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7. Almost every Doctor Who story ever
A good example of this is "The Sontaran Strategem"/"The Poisoned Sky." Sure, the Doctor stops the Sontarans from making babies in Earth's atmosphere with the help of Sergey Brin. But the Sontarans have still spewed poison all over the planet and changed the molecular structure of our atmosphere. There's absolutely no way that's not going to kill most of the human race. But in general, the Doctor "solving" people's problems only to leave them in the lurch afterwards is one of this show's motifs. In "The Sunmakers," he leaves the human race trapped on Pluto, with soon-to-be-failing artificial suns to keep them alive. In "The Daleks," he leaves the Thals starving in the ruins of the Dalek city. In "Planet of the Spiders," he leaves the humans on Metebellis Three to try and survive on an unforgiving rock with the remains of a spiderocracy. And so on.

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6. Independence Day
For starters, those ginormous alien ships had to crash somewhere at the end. Between debris from the ships and fallout from the nuclear bomb that destroyed the Mothership, people are definitely going to die. The huge ships were sending out attackers, though, so that means there are lots of aliens on board. In all likelihood, the aliens will manage to take over the world anyway and kill the heroes who destroyed their ships. (That's assuming they don't just wipe out humanity.)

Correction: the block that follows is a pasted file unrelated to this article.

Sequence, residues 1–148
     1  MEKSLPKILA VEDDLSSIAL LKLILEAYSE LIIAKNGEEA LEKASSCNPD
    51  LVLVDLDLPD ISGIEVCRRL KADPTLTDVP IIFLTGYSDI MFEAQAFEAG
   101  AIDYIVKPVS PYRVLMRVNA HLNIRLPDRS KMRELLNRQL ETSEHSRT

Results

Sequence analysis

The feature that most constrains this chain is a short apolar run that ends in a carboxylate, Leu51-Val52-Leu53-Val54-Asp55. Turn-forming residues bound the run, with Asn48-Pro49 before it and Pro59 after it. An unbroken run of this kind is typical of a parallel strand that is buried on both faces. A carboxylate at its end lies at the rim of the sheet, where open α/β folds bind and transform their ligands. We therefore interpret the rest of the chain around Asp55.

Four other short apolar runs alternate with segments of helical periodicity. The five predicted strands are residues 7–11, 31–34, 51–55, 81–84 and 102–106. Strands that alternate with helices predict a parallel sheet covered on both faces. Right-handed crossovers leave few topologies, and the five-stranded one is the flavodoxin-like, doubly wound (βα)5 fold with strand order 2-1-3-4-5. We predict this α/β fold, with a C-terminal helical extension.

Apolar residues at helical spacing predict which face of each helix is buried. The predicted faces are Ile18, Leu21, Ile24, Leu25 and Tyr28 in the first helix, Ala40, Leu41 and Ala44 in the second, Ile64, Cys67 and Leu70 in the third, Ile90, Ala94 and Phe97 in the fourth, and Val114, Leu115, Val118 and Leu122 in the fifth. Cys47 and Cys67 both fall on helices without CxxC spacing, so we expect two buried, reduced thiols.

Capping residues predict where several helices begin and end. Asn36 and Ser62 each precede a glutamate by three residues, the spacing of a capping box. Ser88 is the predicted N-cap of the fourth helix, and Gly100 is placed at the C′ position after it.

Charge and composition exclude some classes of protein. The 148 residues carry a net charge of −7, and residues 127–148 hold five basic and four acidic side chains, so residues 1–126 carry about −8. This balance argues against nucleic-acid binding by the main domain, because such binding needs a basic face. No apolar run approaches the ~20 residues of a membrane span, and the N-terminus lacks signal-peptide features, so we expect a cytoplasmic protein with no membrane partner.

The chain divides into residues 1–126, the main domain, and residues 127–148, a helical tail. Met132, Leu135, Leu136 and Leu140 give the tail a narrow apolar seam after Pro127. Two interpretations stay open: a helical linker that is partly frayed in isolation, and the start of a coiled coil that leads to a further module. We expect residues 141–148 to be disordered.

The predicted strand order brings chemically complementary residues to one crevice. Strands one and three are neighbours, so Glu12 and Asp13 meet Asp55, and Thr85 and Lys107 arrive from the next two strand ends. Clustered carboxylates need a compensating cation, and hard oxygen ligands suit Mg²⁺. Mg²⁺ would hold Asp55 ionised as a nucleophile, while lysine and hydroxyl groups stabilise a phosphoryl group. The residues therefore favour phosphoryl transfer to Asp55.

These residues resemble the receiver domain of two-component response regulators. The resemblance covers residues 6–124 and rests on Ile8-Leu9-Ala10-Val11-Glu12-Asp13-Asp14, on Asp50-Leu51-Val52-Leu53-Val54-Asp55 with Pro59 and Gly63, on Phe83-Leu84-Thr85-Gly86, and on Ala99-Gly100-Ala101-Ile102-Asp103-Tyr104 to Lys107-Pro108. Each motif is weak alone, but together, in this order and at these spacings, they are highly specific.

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5. Wall-E
After taking control of the Axiom from the mutinous autopilot, the human captain sets a course for Earth. When the people arrive there, it's a desolate wasteland where, realistically, the humans in their present condition would have no hope of survival. If you don't include the ending credits as part of the plot, those people should have died. In fact, during a test screening, the audience mostly felt this was true, which is why the animations showing people happily gardening to a sweet Peter Gabriel ditty were added in the first place.

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4. Star Trek (2009)